• Soundtrack

Obviously, the soundtrack is incredibly important if you’re playing a game like this. The music that has been composed for the game is once again excellent.

There are licensed songs, but most of the soundtrack has been produced by Tango Gamework’s in-house sound designer, Masatoshi Yanagi. The music that he has composed is really good! It’s easy to keep to the beat and it is enjoyable to listen to. Some of the songs do come off as a bit samey, but as a whole, it’s a really good soundtrack, and he should really be commended for it.

The licensed songs also have a great selection, featuring songs by artists like The Black Keys, The Flaming Lips, and The Joy Formidable, but particularly 9 Inch Nails plays a part by having 2 songs on the soundtrack. They’re mostly reserved for particular sequences or boss fights, and a particular highlight for me was when the song ‘Invaders Must Die’ by the Prodigy played, which really marked one of the big heights of the game. I won’t spoil why it happens, but it was really good!

MIXED

  • Level length

For the most part, the levels are a good length. The game is around ten hours from start to finish, and most levels won’t go over an hour. Later levels, however, go on quite a bit longer. If you’re playing on your first playthrough and don’t have access to the hideouts, there are times that you won’t get a break in story mode. There are times when I stayed up a bit later than usual, and I’ll say that thankfully Xbox Series X has a quick resume that you might want to take advantage of.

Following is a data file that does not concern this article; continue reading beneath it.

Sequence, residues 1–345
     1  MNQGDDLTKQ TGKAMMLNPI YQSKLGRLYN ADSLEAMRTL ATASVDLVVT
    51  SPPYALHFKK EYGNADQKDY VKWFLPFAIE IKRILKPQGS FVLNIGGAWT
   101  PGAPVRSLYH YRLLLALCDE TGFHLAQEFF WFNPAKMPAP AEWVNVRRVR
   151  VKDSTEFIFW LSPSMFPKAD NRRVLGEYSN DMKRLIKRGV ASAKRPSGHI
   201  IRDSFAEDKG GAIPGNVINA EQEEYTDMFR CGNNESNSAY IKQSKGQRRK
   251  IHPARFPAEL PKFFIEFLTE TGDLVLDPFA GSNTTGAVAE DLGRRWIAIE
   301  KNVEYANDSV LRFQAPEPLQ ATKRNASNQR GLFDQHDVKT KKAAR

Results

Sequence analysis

• Boss fights

I mentioned that the boss fights are pretty good, and they are- they’re real highlights of the game and they often introduce new parts of the game so none of them feel stale. There are two towards the end including the final boss where I feel like the difficulty spiked too much and I was really tempted to turn the difficulty down both times. I didn’t end up doing so in the end, but I will say that there’s no shame in doing so since they are really difficult. The game will eventually give you the option to go back and redo levels since some levels are inaccessible on your first playthrough and require a character that you picked up after it, but this is only unlocked post-game. If you want to try it again later on, you absolutely can.